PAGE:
Methods of Ethics

Henry Sidgwick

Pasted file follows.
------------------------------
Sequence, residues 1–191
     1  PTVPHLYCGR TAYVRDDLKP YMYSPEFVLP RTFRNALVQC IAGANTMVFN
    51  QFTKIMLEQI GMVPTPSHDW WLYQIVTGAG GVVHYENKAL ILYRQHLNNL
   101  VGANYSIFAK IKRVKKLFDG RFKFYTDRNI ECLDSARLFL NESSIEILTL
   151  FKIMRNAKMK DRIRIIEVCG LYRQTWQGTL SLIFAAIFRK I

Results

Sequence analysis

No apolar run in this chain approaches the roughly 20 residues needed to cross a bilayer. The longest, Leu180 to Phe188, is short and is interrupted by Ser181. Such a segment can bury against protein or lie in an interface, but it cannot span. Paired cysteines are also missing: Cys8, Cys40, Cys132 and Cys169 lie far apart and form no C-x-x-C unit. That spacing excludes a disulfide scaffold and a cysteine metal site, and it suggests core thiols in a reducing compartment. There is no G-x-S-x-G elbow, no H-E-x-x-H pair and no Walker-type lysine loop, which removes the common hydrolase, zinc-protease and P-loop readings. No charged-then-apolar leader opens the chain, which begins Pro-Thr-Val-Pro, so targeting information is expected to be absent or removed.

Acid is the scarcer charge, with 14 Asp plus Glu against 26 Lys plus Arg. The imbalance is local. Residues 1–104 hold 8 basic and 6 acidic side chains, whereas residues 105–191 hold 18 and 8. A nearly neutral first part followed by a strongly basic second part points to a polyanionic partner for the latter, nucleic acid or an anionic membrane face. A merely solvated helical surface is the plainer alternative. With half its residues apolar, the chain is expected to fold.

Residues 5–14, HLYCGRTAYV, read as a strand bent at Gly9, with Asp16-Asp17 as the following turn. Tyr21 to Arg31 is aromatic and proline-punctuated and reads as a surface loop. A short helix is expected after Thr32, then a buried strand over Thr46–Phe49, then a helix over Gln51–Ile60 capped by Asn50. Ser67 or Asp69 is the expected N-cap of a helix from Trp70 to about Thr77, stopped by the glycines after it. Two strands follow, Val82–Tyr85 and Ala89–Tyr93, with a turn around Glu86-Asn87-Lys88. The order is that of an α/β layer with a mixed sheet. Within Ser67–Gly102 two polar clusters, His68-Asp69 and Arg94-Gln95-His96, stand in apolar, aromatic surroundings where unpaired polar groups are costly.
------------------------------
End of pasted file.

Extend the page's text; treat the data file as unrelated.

In preparing this work for the second edition, I have found it desirable to make numerous alterations and additions. Indeed the extent which these have reached is so considerable, that I have thought it well to publish them in a separate form, for the use of purchasers of my first edition. On one or two points I have to acknowledge a certain change of view; which is partly at least due to criticism. For instance, in chap. iv. of Book i. (on ``Pleasure and Desire''), which has been a good deal criticised by Prof. Bain and others, although I still retain my former opinion on the psychological question at issue, I have been led to take a different view of the relation of this question to Ethics; and in fact §1 of this chapter as it at present stands directly contradicts the corresponding passage in the former edition. So again, as regards the following chapter, on `Free-Will', though I have not exactly found that the comments which it has called forth have removed my difficulties in dealing with this time-honoured problem, I have become convinced that I ought not to have crudely obtruded these difficulties on the reader, while professedly excluding the consideration of them from my subject. In the present edition therefore I have carefully limited myself to explaining and justifying the view that I take of the practical aspect of the question. I have further been led, through study of the Theory of Evolution in its application to practice, to attach somewhat more importance to this theory than I had previously done; and also in several passages of Books iii. and iv. to substitute `well-being' for `happiness', in my exposition of that implicit reference to some further end and standard which reflection on the Morality of Common Sense continually brings into view. This latter change however (as I explain in the concluding chapter of Book iii.) is not ultimately found to have any practical effect. I have also modified my view of `objective rightness', as the reader will see by comparing Book i. chap. i. §3 with the corresponding passage in the former edition but here again the alteration has no material importance. In my exposition of the Utilitarian principle (Book iv. chap. i.) I have shortened the cumbrous phrase 'greatest happiness of the greatest number' by omitting---as its author ultimately advised---the last four words. And finally, I have yielded as far as I could to the objections that have been strongly urged against the concluding chapter of the treatise. The main discussion therein contained still seems to me indispensable to the completeness of the work; but I have endeavoured to give the chapter a new aspect by altering its commencement, and omitting most of the concluding paragraph.